2. it’s a way of catching the eye at a beer festival, when there are hundreds of others to choose from
  3. actually, the beer isn’t very good, but they’re hoping to sell it on its novelty value.

There might be something in (1) but it’s based on a generalisation which doesn’t hold true. I’m sure I’m not the only real ale fan to find silly names a bit tacky and an insult to my sense of humour. So, by extension, (2) doesn’t work for me either. It’s not that I won’t drink a beer such as “Cunning Stunt” because of the name, but I’m more likely to pick something with a sensible name and label, that suggests quality and integrity. This is because I’ve now started to believe in option (3) and associate stupid names with amateur gimmicks, and thus don’t expect the beer to be any good.

Incidentally, while “researching” this, I found an old article (from August 2003) on the subject. It makes pretty much the same points as above:

‘There are too many rather suggestive names in real ale, which I don’t think does the industry much good,” said Steve Reynolds, marketing director at Springhead brewery.

Do these silly, sexist or crude names actually appeal to *anyone*? Or am I just a prudish, po-faced stormtrooper of political correctness…?

N.B. I’ve never had any of the beers mentioned above — they might taste great!

Boak

Small town blues

bridgwater.jpgI’ve just come back from my home town (Bridgwater, in Somerset) where the pubs are having something of a crisis. For years, it’s been one of those towns that claims to have more pubs per head than any other. I don’t know if that’s true, but there are a lot of pubs. And, for almost as many years, those pubs have managed to make their way, despite the heavy competition.

Sadly, in recent years, a couple of big (and, crucially, cheap) chain pubs have opened in the town centre, leaving many of the smaller “locals” all but empty, even on Boxing Day (traditionally a very busy day).

Big business and the council are partly to blame here, but I have to say that some of the pubs are doing themselves no favours. In the face of stiff competition, they should be rising to the challenge and making the local the place to be. Instead, the pub nearest my parents house has decided that:

1. the best way to make the pub feel more lively is to put Radio 1 on at full volume and turn off the juke box

2. they’re too depressed to greet people when they enter the pub, or smile at them during service

3. it doesn’t matter if the excellent local bitter — Butcombe, on which more later — is stale or off

4. there’s no need to wash the glasses

5. that currying favour with five grumpy regulars is more important than making newcomers feel welcome.

This is typical, sadly. So, in my home town, the local pubs are now less friendly, more expensive, dirtier, less atmospheric, and have worse beer than Wetherspoons. And that’s saying something. My Dad, who has been drinking in Bridgwater pubs since he was old enough to lie to a barman about his age, got so depressed we had to leave.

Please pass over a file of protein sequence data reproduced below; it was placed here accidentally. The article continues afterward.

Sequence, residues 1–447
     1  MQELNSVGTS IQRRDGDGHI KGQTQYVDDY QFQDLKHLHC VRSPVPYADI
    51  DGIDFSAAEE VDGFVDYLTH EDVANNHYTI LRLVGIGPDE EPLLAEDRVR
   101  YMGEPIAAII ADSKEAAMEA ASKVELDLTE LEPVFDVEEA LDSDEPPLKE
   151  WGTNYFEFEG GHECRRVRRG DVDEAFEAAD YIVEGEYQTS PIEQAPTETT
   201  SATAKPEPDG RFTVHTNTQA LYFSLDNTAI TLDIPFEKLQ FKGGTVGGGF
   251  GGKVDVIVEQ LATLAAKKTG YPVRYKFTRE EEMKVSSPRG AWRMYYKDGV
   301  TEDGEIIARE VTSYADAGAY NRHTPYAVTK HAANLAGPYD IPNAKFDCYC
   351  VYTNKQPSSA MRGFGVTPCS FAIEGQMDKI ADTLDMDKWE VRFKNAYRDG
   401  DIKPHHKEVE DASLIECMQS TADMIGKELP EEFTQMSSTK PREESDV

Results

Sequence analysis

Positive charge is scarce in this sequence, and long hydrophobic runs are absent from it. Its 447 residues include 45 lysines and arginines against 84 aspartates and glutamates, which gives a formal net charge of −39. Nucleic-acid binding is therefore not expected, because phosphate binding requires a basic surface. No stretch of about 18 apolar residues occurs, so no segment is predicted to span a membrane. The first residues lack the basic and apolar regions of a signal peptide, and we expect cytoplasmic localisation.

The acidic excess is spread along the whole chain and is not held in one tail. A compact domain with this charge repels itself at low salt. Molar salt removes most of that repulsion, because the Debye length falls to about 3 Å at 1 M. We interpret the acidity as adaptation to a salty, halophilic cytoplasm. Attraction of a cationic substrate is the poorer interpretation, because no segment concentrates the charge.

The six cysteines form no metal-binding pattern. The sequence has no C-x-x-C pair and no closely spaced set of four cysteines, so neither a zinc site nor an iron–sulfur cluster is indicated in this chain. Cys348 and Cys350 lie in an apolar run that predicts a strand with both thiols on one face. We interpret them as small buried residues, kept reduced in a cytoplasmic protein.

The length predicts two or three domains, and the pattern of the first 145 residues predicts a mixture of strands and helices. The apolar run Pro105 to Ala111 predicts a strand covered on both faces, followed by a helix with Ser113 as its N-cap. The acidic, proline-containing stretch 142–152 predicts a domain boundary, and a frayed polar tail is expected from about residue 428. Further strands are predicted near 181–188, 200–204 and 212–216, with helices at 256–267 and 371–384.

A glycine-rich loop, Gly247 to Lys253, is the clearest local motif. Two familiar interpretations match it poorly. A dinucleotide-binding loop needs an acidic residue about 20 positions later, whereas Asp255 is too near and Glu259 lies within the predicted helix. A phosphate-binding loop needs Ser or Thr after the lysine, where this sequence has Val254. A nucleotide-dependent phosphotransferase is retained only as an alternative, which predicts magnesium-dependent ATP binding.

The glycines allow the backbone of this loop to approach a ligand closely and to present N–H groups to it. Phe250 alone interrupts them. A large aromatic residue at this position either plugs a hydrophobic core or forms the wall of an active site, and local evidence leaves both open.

I suspect that in Bridgwater, and many other towns across the UK, we’re going to see an end to the days when a population of 36,000 can support almost 200 pubs. Bad pubs are going to die. Cheap chain pubs will prosper. But good pubs — pubs that keep a small range of ales in good condition, which make their customers feel welcome, that create atmosphere, and that make you feel like a regular, or even a friend, when you’ve been twice in a month — will survive.

I’ll name names: the Bower Manor is a fairly unassuming restaurant/hotel, with a small bar. It, too, was quiet on Boxing Day, but the landlady was friendly; there was one fresh, well-kept real ale (Sharp’s Doom Bar — the best pint of this I’ve ever had); a roaring fire; and a Christmas Tree. It was hard to leave!

Oh, and I promised to say something about Butcombe Bitter: it’s a great beer. One of my favourites (my judgement being partly clouded by homesickness, I’ll admit). At its best, it’s very bitter, very satisfying, and slightly sulphurous on the nose. I can’t vouch for how it will taste if you see it on tap outside the West Country, but try a half and let me know what you think.

Bailey

Happy bingeing

Apparently today is the day most chosen for Christmas parties, and therefore the day when ambulance crews are most poised to pick up the pieces. I seem to remember that last year there was a lot of hysteria in the media about this, but there aren’t so many silly stories this year, perhaps because society didn’t in fact break down and the streets did not run with blood as predicted.

The Evening Standard and other related papers are having a go, though, with the story that Londoners are estimated to spend £120m on booze in two days (today and yesterday). However, that’s only £20 per Londoner (assuming 6m adult Londoners*), spread across two days. £10.00 doesn’t buy you many drinks in Central London these days, particularly in a wanky City bar (bottle of Becks – £4.20!!!!!!!!!**)

Given the hysteria about binge-drinking at the moment, £120m seems surprisingly low.

Boak

*Figure derived from the Office of National Statistics estimates in 2006. The figure of 6m includes the over 16s (because apparently they’re all drinking a bottle of wine a week) and excludes short-term migrants.

**That’s about a million dollars for our readers across the pond.

Accountants and breweries

Accountants get a lot of stick from home-brew books, beer blogs and the like. Apparently we’re responsible for everything bad that has ever happened in beer, such as the move from cask to keg in the UK, use of rice as an adjunct, and the development of high-alpha (i.e low-flavour) hops.

I’m fed up with this laziness. Firstly, as anyone with any business experience knows, the job of the finance team is to support the goals of the company. If the company wants to sacrifice quality for profit, that’s the board’s call. And of course the board will take that decision based on (a) shareholder opinion (b) analysis of the market. So it’s all the fault of the consumers really…

Secondly, in my experience, real-ale lovers are well-represented within the accountant population. Maybe not that surprising given our reputation for being pedantic bores.

Thirdly, we just don’t have the (diabolical) imagination for the crimes we’re accused of.

Now the marketing team — that’s a different story…

Boak